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Old 08-07-2019, 12:02 PM
you with the face is offline
Join Date: Mar 2002
Location: Laurel, MD
Posts: 12,581
Every time I bathe my 10-month old, I can appreciate how much control my subconscious mind has over my actions.

My daughter is a chub of wriggly energy. When she's in the bathtub, she gets excited and wants to grab all the toys and all the soap bubbles. She normally can sit up just fine, but because she's so top heavy, you can never be sure that she won't topple over. I don't trust her not to drown herself the second I turn my back on her.

When I sit by the tub watching her play, sometimes my arms will shoot out to catch her when she falls. Before it registers in my mind that she's even lost her balance, my hands have already grabbed her. It's like an alien is literally controlling my body. It has happened enough times that I've stopped being startled by it and I just embrace it for what it is: my subconsciousness insists on taking the wheel when my baby is in the bathtub. Probably because it knows my conscious mind is too slow to react to subtle signs she's teetering towards death.

But here's the thing: my subconsciousness takes the wheel in situations like this one, but I'm wise enough to know that doesn't mean it's influence is limited to just those times. Isn't it quite likely it is almost always behind the wheel and I'm simply unaware of it because the actions its driving aren't as obvious as alien arms moving without my control? Most of these "actions" aren't going to be actions at all. They are going to be thoughts, feelings, and impulsive gestures. My conscious mind might take the credit for all of this stuff, but like any executive writing up his/her performance report at the end of the year, it's really the subconscious machinery that is doing the work.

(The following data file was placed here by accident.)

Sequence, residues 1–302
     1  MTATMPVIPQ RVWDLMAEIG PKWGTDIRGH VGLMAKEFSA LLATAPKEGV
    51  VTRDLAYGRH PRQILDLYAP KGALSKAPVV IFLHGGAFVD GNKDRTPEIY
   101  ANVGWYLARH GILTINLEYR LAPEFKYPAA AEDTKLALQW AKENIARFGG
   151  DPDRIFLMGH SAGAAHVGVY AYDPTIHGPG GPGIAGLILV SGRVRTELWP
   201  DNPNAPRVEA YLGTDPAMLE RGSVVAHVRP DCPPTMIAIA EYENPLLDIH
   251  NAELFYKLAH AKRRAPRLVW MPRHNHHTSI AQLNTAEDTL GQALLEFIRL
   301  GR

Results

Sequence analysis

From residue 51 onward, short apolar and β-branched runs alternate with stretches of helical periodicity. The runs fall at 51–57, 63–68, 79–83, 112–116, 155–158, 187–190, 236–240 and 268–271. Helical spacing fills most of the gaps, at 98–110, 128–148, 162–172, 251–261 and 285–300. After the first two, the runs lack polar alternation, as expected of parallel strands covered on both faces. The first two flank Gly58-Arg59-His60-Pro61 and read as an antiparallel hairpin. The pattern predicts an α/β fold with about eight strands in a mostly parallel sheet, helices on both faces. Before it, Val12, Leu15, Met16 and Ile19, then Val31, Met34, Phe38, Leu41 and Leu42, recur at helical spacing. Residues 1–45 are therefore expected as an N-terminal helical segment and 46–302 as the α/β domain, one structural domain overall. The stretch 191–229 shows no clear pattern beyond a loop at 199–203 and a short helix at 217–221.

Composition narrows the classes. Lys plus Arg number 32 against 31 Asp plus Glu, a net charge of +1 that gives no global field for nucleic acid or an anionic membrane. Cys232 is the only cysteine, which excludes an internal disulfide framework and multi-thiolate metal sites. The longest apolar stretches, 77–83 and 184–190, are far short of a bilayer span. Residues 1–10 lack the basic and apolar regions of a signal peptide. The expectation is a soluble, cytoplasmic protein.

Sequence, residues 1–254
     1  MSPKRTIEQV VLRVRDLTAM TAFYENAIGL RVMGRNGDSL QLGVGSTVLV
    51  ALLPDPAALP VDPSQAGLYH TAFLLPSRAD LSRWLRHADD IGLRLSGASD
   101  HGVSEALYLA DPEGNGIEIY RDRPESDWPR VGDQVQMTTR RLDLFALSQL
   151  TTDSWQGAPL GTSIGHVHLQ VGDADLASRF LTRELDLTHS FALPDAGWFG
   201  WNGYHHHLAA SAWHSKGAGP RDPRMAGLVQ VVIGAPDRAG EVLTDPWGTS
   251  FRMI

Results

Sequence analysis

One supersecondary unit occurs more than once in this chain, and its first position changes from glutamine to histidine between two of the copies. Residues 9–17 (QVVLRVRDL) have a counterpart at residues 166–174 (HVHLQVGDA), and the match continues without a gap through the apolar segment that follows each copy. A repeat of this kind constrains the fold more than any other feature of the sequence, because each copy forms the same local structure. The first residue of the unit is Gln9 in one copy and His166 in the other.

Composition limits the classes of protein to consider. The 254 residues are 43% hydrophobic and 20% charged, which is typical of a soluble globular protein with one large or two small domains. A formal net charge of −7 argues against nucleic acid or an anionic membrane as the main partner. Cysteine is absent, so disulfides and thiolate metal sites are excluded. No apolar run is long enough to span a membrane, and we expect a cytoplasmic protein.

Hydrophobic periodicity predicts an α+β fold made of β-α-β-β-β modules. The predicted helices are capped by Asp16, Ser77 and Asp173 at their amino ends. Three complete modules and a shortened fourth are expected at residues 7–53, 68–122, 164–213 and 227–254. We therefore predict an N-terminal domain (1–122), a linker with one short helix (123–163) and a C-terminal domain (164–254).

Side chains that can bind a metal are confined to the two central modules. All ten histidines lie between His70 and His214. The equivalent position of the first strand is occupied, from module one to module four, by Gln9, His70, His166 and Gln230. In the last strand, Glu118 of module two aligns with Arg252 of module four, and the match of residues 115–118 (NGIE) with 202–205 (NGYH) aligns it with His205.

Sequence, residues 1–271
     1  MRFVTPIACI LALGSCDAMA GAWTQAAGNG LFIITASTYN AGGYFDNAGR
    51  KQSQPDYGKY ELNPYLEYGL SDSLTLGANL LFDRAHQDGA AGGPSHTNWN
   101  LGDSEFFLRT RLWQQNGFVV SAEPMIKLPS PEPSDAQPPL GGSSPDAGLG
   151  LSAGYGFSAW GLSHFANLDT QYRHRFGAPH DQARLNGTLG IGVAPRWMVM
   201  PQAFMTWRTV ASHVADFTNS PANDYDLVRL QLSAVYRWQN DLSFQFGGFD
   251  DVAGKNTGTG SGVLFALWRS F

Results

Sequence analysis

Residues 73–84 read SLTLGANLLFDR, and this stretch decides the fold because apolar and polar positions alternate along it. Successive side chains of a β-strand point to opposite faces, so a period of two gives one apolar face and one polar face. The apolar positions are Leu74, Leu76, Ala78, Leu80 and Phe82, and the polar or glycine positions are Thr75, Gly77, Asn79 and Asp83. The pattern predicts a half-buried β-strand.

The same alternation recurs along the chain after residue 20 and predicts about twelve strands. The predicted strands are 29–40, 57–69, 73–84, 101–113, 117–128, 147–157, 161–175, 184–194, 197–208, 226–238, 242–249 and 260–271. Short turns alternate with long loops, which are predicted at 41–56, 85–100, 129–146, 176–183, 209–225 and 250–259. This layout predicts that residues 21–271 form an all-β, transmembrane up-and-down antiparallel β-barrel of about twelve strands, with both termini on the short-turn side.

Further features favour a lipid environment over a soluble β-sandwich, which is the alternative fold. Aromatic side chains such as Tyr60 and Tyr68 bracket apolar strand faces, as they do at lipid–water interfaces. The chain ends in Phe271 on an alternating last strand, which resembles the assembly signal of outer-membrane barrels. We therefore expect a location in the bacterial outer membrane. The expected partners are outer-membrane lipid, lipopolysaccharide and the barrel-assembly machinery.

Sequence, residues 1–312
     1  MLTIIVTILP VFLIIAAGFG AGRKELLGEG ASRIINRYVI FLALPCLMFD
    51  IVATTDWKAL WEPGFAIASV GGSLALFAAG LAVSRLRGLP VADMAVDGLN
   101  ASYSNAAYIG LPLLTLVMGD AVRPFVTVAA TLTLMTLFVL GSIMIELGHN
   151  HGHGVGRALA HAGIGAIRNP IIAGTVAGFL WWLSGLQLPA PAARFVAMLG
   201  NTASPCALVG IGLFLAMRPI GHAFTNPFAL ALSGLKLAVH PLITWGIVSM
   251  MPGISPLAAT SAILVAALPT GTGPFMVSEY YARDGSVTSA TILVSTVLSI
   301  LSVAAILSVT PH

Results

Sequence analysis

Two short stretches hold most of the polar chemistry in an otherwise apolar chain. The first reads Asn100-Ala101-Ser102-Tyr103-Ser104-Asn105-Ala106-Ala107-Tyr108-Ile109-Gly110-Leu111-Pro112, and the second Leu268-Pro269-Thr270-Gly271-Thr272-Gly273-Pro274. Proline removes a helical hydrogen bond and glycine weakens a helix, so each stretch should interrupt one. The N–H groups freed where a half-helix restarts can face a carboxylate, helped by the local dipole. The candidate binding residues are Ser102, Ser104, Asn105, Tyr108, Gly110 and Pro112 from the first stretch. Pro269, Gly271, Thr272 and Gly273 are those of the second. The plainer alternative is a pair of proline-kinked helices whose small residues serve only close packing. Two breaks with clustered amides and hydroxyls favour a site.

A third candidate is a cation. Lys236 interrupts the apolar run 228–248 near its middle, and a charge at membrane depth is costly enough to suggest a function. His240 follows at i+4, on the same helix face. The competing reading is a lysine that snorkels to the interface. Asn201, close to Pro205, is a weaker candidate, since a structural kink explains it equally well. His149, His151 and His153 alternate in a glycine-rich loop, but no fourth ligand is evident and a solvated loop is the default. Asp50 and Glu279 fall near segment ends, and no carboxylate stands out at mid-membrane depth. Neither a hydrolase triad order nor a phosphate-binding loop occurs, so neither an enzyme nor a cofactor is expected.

Eve was tempted by the snake into eating the apple. Believers in free will focus on this simple action (taking the apple and eating it) when judging her for choosing wrongly. But given the nature of her brain, personality, and the sum total of knowledge that she had at the point this whole scene went down, could she control whether she would be curious about the apple? Could she control the persuasive effect the snake's words had on her? Could she will herself not to be hungry at the exact moment she saw the apple? Could she will herself not to find the apple visually pleasing? If her subconscious mind compelled her to impulsively reach up and grab the thing because of all these drivers in the background that she has no control over--the same way mine commands me to grab my bathing daughter--is this "free will"?

Last edited by you with the face; 08-07-2019 at 12:03 PM.